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Income dynamics in Tamil Nadu, India from 1971 to 2003: changing roles of land and human capital

Listed author(s):
  • Kei Kajisa
  • N. Venkatesa Palanichamy

This article examines the changing role of physical and human capital in income dynamics in Tamil Nadu, India, using detailed daily records of farming households from 1971 to 2003. We find that income growth until the early 1990s is attributed to the rice Green Revolution and the associated development of nonrice farm sector. Further growth after the 1990s became possible due to the rapid nonfarm sector development that has been stimulated by the liberalization of Indian economy since 1991. In accordance with this change in income structure, the importance of physical and human capital has changed. Human capital was important in the early 1970s to take advantage of the rice Green Revolution technology. Once the new technology became standard among farmers, human capital became an insignificant factor. The importance of human capital has revived in a different manner in recent years firstly because it has increased farmers' access to nonfarm job opportunities, and secondly because farm management has become more knowledge intensive in the face of increasing scarcity of labor and water. The contribution of physical capital increased during the Green Revolution period, while it started declining after that. The changing mechanism is characterized as the shifting importance from physical to human capital in accordance with the changing engines of income growth from the Green Revolution to the development of nonfarm sector. Copyright 2006 International Association of Agricultural Economists.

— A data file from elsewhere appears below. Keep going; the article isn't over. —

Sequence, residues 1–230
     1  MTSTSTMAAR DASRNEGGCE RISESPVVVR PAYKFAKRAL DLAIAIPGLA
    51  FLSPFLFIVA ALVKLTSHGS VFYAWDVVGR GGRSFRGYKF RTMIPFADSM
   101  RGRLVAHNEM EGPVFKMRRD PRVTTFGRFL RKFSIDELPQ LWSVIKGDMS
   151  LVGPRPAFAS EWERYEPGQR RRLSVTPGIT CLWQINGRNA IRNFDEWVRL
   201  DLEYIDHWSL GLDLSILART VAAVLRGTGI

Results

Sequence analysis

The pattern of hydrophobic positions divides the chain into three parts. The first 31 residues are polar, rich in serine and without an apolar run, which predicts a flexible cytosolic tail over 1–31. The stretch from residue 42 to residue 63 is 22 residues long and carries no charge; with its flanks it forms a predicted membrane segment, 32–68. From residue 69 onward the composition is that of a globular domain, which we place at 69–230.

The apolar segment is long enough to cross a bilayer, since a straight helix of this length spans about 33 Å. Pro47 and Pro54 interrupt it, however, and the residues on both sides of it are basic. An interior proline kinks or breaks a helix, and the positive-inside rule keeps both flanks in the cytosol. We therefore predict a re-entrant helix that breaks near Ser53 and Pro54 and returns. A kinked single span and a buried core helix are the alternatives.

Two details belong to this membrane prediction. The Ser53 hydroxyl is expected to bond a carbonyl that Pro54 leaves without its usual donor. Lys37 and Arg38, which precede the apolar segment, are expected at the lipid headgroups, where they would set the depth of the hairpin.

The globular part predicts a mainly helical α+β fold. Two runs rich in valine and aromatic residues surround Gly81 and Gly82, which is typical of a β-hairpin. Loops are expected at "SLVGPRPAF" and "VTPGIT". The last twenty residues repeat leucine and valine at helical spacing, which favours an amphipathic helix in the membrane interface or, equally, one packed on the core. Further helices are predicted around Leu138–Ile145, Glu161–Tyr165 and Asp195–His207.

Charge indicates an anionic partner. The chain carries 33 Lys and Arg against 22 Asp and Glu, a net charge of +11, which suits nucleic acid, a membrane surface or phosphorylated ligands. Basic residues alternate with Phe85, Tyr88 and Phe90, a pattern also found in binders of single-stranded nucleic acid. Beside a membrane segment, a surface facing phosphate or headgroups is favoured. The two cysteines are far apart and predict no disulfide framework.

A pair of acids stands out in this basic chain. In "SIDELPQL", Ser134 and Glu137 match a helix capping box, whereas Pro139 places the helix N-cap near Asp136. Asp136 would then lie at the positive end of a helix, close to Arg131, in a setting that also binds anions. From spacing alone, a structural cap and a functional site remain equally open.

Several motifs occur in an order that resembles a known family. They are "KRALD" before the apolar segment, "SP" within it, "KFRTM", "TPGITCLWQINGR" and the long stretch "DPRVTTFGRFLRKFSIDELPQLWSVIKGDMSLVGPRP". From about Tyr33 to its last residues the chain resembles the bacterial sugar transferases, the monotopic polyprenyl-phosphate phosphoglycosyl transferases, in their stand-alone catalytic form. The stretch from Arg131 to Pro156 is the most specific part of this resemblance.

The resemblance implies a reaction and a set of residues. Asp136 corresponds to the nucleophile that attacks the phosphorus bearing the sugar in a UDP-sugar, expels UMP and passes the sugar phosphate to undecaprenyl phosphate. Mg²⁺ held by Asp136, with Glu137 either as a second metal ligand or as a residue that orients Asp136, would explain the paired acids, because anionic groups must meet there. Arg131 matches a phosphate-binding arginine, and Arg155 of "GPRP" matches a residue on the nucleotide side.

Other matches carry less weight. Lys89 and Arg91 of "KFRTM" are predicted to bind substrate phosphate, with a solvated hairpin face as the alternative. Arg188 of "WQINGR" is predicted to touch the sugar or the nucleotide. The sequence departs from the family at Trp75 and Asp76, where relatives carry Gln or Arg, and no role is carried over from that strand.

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Article provided by International Association of Agricultural Economists in its journal Agricultural Economics.

Volume (Year): 35 (2006)
Issue (Month): s3 (November)
Pages: 437-448

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Handle: RePEc:bla:agecon:v:35:y:2006:i:s3:p:437-448
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